- I transferred my retirement savings to Wealthsimple because I wanted to put my money into socially responsible investments.
- About a month after I opened my SEP IRA, I noticed that my investments had lost about 1.2% of their value.
- I’m not worried, though, because I understand that the market fluctuates and I’m in this for the long haul.
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About a month after I transferred my investments over to Wealthsimple in pursuit of socially responsible investing options, I logged in to ensure my first monthly direct deposit had gone through to my SEP IRA properly.
It had, but I also noticed something less assuring. My investments had lost 1.2% of their value over the course of the past month, a dollar amount of about $US138.
I could have taken that as an indication that I had picked a bad robo-adviser, but that would have been an unfair and inaccurate conclusion. On the contrary, I am happy with the services to date, despite that initial loss.
Why I don’t freak out when my investments go down
My investing goals are long term. In my 30s, I am saving for retirement. When you set a long-term investing goal, worrying about every little dip along the way can add unnecessary stress to your life. The fact is that while the stock market fluctuates, historically, it has always gone up over the long term.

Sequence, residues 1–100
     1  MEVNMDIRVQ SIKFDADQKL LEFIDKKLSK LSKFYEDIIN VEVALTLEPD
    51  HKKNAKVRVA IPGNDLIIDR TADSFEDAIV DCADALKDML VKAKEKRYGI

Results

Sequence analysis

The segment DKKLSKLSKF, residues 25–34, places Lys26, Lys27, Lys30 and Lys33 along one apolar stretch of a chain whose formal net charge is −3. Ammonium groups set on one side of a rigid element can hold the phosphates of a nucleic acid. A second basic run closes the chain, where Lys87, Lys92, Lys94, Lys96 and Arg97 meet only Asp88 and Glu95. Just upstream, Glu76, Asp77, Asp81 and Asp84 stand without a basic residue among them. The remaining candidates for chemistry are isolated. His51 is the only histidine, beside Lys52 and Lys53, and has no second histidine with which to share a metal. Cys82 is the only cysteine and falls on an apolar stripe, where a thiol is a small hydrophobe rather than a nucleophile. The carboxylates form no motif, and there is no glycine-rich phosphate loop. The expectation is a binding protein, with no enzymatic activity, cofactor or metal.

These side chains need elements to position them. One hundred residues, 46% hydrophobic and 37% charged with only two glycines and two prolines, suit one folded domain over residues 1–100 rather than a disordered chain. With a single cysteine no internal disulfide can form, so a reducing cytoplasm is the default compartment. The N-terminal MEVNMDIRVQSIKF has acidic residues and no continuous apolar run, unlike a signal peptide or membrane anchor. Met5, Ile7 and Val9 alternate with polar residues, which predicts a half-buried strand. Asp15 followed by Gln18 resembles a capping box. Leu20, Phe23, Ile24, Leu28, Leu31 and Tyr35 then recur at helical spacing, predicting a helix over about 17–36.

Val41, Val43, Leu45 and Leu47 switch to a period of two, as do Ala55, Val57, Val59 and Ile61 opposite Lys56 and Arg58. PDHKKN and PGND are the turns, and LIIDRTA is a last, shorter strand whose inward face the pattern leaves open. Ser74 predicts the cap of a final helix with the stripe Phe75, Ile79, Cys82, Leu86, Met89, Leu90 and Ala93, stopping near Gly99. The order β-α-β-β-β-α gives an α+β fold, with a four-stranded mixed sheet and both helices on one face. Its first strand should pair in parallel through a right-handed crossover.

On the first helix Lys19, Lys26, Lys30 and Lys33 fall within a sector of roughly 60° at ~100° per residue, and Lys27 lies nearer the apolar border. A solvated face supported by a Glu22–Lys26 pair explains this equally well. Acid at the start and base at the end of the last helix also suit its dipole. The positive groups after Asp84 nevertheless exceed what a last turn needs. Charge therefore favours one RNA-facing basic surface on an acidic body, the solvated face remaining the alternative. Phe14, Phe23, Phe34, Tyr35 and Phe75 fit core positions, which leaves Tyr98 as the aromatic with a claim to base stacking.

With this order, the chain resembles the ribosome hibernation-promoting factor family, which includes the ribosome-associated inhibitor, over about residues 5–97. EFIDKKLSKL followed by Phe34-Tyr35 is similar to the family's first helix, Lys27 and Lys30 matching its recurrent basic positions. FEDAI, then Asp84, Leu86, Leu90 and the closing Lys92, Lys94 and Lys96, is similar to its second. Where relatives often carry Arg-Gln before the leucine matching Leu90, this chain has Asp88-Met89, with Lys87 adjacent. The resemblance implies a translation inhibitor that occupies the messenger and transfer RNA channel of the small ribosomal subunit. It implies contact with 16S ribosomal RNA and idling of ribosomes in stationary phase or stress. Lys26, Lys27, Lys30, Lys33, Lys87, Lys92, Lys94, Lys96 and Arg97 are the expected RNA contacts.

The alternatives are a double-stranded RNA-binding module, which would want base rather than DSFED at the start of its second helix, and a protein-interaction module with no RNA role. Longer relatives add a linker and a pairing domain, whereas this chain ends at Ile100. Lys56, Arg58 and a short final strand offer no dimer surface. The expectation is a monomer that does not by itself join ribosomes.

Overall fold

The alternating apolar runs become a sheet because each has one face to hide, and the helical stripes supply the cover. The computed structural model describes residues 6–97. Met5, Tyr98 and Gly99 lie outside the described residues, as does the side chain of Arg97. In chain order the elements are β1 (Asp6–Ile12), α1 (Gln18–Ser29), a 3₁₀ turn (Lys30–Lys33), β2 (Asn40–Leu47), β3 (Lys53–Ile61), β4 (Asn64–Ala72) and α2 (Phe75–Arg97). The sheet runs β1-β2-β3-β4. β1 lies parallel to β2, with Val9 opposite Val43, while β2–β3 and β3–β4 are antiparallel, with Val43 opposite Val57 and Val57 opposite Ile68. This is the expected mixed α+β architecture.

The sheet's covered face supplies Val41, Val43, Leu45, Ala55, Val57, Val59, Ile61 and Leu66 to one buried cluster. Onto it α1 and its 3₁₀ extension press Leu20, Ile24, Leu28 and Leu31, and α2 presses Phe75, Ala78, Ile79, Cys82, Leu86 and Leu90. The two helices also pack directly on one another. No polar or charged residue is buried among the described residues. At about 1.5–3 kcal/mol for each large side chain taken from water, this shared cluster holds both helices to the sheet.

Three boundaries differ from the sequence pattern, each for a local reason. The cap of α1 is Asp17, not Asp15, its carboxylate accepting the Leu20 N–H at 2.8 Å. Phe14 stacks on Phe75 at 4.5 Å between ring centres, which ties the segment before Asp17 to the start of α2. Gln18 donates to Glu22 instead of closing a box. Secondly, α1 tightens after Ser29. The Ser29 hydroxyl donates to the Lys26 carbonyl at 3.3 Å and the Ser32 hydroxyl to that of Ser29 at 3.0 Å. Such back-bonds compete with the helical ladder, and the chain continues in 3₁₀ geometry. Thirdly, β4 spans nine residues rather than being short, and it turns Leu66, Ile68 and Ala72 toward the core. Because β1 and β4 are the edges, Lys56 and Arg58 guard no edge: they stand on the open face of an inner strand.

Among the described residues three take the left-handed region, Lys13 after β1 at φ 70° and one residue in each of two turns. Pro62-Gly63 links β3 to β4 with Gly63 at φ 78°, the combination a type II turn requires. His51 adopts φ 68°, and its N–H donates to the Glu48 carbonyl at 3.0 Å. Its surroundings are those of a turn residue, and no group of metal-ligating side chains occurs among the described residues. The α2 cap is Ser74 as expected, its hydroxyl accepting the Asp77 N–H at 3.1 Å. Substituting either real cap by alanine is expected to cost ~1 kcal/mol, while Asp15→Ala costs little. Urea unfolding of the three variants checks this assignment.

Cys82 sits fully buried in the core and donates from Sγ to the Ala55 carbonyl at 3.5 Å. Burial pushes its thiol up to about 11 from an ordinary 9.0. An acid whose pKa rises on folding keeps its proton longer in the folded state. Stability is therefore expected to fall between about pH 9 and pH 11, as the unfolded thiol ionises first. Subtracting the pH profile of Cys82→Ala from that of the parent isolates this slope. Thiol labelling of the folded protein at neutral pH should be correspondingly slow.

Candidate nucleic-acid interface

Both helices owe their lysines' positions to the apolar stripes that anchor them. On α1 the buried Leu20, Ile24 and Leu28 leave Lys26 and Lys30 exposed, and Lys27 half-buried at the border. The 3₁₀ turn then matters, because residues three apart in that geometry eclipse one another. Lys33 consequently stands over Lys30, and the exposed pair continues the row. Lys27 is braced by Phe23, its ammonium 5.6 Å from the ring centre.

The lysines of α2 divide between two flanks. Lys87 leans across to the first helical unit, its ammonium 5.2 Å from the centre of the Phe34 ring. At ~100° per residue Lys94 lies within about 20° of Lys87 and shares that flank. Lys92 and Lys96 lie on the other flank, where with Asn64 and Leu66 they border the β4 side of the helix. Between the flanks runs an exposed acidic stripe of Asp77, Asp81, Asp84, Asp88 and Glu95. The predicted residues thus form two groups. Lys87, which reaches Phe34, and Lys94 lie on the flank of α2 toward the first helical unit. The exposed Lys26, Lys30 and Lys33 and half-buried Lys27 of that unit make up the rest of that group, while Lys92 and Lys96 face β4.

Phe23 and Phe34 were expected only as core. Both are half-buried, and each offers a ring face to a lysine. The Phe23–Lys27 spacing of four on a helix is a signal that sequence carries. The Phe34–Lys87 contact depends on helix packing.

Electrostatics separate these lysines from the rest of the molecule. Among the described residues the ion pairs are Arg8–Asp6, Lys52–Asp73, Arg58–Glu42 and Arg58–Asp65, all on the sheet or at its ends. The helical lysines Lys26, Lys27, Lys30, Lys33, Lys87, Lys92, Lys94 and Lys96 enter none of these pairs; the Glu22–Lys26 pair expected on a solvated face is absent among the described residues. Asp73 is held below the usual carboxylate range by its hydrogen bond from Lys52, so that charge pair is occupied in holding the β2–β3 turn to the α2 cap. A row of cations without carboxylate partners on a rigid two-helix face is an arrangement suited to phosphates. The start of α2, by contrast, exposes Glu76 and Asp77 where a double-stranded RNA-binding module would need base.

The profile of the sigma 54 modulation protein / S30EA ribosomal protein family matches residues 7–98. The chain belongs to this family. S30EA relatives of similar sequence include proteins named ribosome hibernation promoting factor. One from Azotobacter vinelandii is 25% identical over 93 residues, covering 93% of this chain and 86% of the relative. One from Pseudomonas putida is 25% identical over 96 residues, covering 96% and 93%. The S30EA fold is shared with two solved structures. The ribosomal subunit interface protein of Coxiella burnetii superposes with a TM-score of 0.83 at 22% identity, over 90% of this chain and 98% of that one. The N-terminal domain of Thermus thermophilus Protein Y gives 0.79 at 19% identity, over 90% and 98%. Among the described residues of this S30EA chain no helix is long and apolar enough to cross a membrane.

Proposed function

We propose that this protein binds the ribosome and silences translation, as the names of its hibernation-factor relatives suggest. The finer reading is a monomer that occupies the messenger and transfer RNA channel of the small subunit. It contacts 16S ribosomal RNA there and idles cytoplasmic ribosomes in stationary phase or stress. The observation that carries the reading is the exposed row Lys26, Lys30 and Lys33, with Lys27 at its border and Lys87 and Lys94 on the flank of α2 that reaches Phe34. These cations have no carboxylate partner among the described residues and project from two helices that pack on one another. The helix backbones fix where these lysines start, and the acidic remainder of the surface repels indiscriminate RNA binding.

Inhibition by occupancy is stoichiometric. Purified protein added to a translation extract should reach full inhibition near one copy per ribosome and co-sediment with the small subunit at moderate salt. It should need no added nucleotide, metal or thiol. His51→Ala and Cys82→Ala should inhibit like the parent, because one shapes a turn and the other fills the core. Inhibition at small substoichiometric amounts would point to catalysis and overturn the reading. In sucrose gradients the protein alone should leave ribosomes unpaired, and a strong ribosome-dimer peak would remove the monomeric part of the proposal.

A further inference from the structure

As someone whose investment goals are set up over the course of 30+ years, I knew when I saw that -1.2%, things would be ok. It wasn’t an indication that I was off track. It was an indication that the market was fluctuating.
Short-term goals are different
If you’re saving for a short-term goal, it’s going to be more stressful when you hit those dips. Your investments are not likely to be tax-advantaged like the ones in my retirement accounts, and short-term fluctuations are more likely to have an effect on your attempts to reach your goals.
If you’re saving for a short-term goal, a high-yield savings account might be a better choice – it’s low risk and your cash will be more liquid.
Aren’t you scared there will be another recession?
As far as my investments go, I’m not overly concerned about the possibility of another recession in the near future. My investments will lose value, to be sure, but I would expect to hit at least one recession over the course of such a long-term effort.
I also won’t stop investing during the recession if I am fortunate enough to maintain my income. When a recession hits, it’s somewhat similar to stocks being on sale, depending on how cynically you view economics.
When you buy low, which you would be doing during a recession, your investments are highly likely to go up as the market recovers. If the companies you invest in make it out of the recession, that is.
My investments have already bounced back
It’s been about a month since I saw that dip in my investments. True to the roller-coaster-like nature of the stock market, my investments are no longer down. In fact, I’m back up to 1.3% overall growth from that -1.2% number I saw last month.
I won’t be surprised if the next time I log in I see negative numbers again. I’m not going to tune in to watch TV pundits speculate or pull my money out of the market should I go into the red for the short-term.
I know that obsessing over every last market movement isn’t healthy or helpful for my long-term goals. If I panic and pull my money out, I’m essentially buying high and selling low. As long as the American stock market is around, my portfolio will be, too. Because my goals are long-term, I can sleep easy at night.